Never attempt to handle wildlife!
Being handled by humans is extremely stressful for wildlife. Even if your intention is to help, your attempts may actually
harm wildlife and put yourself and others at risk.
Wildlife mothers are very protective and will aggressively defend their young. Larger animals, such as deer or moose, can
cause serious injury to people who approach their offspring.
If you find a fawn, gosling or other young animal that appears to be without its mother, leave it alone. Wildlife mothers
will often leave their young for periods of time to search for food. These young animals are not in danger.
In fact, some species have evolved to ensure that young can safely survive without their mothers for extended periods of
time. Fawns, for example, have spots for camouflage, and emit virtually no odour, so that predators are unable to detect
them by sight or smell.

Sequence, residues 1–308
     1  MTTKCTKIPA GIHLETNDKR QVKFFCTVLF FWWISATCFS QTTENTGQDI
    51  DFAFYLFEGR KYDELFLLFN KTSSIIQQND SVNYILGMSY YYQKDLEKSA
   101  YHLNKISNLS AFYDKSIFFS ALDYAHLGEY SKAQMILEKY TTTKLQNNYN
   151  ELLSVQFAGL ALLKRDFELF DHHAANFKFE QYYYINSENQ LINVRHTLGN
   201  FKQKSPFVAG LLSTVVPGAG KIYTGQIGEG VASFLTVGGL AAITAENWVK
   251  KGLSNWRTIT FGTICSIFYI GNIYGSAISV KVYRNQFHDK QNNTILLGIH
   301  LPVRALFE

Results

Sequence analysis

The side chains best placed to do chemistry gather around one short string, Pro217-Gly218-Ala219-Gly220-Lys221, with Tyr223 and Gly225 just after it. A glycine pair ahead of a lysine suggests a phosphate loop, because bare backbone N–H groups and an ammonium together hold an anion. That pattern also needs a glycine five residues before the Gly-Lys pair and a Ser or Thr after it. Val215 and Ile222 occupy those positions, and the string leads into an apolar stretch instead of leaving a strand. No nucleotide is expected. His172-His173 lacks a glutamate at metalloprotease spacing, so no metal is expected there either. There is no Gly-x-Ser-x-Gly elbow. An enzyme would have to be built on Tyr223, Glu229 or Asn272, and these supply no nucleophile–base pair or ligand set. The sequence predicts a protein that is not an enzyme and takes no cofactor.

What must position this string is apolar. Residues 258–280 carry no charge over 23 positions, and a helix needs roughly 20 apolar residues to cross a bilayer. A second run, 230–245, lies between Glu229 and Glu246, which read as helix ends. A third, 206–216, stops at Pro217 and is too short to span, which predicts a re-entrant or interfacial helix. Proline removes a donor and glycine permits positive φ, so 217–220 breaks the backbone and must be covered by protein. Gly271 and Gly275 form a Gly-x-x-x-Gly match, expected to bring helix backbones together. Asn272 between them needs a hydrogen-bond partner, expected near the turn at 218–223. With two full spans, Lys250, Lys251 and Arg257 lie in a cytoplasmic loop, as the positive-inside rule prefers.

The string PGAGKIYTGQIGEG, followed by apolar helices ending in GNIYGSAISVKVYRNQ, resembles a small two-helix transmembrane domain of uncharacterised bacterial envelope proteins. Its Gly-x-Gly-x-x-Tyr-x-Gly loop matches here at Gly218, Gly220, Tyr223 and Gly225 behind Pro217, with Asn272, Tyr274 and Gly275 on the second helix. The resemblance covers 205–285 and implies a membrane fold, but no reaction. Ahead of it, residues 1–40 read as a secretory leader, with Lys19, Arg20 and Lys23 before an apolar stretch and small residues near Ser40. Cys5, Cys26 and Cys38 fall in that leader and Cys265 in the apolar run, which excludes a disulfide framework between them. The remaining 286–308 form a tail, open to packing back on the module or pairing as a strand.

If you are concerned about a specific animal you think has been orphaned, monitor it from a distance for at least 24 hours.
If, after this time, you still do not see the mother return, call the nearest Fish and Wildlife office for advice on how
to proceed in a way that's safest for you and for the animal.
Wildlife that has been injured has a better chance of survival when Mother Naturecan tend to it. The best thing is to leave
the injured animal alone. Animals will be stressed from the injury and will be further stressed from your attempts to intervene.
Stressed animals can become aggressive and cause injury to you and further injury to themselves.
Do not take the animal home to attempt to nurse it to health. In most cases, it is illegal to possess live wildlife.
If the animal is so injured it can't move or if you need advice on a specific situation, call the nearest Fish and Wildlife
office for advice.
To find contact information for a Fish and Wildlife office near you, see:
To find out more about the independent wildlife rehabilitation centres that are regulated and monitored by the Fish and
Wildlife Division, see:
Updated: Jun 9, 2010